Michtavi says that the documents he helped procure included one stating that the St. Petersburg administration under Putin’s boss, Mayor Anatoly Sobchak, had ordered the consignment of corned beef in which the cocaine was shipped.
A Cali cartel lawyer, whom Michtavi referred to as the “the doctor,” wanted a permit for the consignment from the city health authorities. Michtavi says he obtained the necessary paperwork linking the shipment to the St. Petersburg city health watchdog, which he referred to as the “sanitary department” -- an Anglicized version of the Russian name, “sanitarnaya sluzhba.”
“You can see the address [in the documents]: It was to the sanitary department of the mayor's [office] of St. Petersburg,” Michtavi said in the interview.
RFE/RL was unable to independently verify this claim. But an accomplice of Michtavi’s later convicted in Israel told police about a “doctor” and a document meant to demonstrate “that the request from Russia for the meat shipment was legitimate,” according to an interrogation transcript reviewed by reporters.
The accomplice, Yuval Shemesh, told investigators he could not say whether the “doctor” actually received the document, and a November 1993 report in The Jerusalem Post said the container was stopped because it lacked “a health certificate covering the food it was supposed to be carrying.”
Michtavi says the smugglers used two intermediaries in dealing with the St. Petersburg mayor’s office. The first was a staff member who he says was known to the smugglers by the alias “Roman Izikov.” Reporters could not find anyone by that name in Russian databases.
The second was a man whom, based on Michtavi’s description, RFE/RL was able to identify as Vladimir Bakhshiyev. RFE/RL independently obtained a headshot of Bakhshiyev and sent it to Michtavi alongside those of five other random individuals. Michtavi correctly identified Bakhshiyev’s photograph.
Michtavi said Bakhshiyev was a friend of Shabtai Kalmanovich, a colorful Russian emigre to Israel whom the FBI described as a “powerful associate” of Russian organized crime figures and said had “ties to former KGB agents and high-level Russian, Israeli, and other government officials throughout the world.”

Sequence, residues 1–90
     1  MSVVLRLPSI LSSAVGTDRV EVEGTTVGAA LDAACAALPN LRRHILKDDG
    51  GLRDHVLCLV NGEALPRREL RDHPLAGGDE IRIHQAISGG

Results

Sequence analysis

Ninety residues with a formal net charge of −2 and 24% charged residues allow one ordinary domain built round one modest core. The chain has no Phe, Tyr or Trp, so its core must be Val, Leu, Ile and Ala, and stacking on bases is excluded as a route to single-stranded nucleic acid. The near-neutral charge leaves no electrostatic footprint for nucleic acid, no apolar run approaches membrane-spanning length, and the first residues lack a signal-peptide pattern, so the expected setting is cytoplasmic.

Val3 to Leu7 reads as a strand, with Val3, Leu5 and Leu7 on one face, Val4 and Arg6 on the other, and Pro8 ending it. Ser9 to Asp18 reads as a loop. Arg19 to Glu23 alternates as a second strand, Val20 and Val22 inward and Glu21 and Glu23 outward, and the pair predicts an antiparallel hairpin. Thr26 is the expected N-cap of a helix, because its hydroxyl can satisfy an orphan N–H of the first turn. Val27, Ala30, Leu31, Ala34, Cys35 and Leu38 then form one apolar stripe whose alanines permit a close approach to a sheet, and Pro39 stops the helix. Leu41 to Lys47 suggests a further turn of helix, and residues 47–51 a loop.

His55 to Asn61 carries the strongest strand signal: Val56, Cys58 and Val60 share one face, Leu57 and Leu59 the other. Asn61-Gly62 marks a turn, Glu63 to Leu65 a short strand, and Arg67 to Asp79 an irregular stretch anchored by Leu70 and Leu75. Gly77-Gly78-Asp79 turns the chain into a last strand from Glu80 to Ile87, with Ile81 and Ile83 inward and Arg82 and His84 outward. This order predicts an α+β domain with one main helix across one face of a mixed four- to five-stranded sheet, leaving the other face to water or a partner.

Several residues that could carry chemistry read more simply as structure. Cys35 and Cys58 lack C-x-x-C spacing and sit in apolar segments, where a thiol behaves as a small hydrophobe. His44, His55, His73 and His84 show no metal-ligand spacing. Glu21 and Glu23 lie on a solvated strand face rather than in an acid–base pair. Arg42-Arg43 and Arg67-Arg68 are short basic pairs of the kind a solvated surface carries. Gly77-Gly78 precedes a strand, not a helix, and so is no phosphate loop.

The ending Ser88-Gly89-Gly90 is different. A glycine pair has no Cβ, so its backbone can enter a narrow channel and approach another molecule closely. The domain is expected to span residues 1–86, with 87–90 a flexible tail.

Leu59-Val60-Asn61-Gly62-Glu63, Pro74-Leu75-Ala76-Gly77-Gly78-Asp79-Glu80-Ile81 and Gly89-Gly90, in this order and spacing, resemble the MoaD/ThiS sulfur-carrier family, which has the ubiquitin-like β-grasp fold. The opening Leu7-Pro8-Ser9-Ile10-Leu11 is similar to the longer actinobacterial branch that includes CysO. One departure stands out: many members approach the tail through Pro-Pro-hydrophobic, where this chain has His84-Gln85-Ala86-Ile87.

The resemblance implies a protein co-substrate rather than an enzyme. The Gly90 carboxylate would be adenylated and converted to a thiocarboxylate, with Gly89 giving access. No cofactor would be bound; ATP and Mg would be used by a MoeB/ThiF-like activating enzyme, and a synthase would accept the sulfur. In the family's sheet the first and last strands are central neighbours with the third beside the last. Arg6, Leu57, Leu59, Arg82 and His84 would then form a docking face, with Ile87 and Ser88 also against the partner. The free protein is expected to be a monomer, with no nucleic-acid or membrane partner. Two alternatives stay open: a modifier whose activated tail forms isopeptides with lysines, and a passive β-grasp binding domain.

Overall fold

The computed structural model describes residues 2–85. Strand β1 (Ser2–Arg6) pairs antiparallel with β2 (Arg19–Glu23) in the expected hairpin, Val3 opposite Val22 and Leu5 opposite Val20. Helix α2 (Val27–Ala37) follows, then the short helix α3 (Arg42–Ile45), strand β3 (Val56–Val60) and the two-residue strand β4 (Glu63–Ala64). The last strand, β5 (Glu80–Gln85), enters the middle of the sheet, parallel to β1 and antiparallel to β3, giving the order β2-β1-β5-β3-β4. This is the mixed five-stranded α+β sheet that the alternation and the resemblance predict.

It was Bakhshiyev, Michtavi claimed, who helped obtain the paperwork for the cocaine shipment from Sobchak’s administration.
Reporters could not independently confirm the link between Bakhshiyev and Kalmanovich, who was shot dead in a gangland-style assassination in Moscow in 2009. But Kalmanovich was close to Sobchak.
It was Kalmanovich who discovered Sobchak’s body in a hotel in Russia’s western exclave of Kaliningrad in February 2000, Sobchak’s widow, Lyudmila Narusova, said in a 2012 interview with the Russian newspaper Novaya gazeta. In the interview, Narusova hinted she had evidence of foul play in her husband’s death, which was officially attributed to a heart attack.
RFE/RL was unable to establish whether Bakhshiyev is still alive. Attempts to reach him and a relative at phone numbers associated with them were unsuccessful.
It has never been proven that Putin or his political mentor, Sobchak, knew what was really in the consignment of corned beef from Colombia. But Michtavi says he believes Sobchak was aware.
“I [don’t] have evidence about that. But Anatoly Sobchak, he was [in the] know. He should get some money for that,” he said in the interview late last year. “To tell you 100 percent, I cannot for sure. But you can see the address: It was to the sanitary department of the mayor's [office] of St. Petersburg.”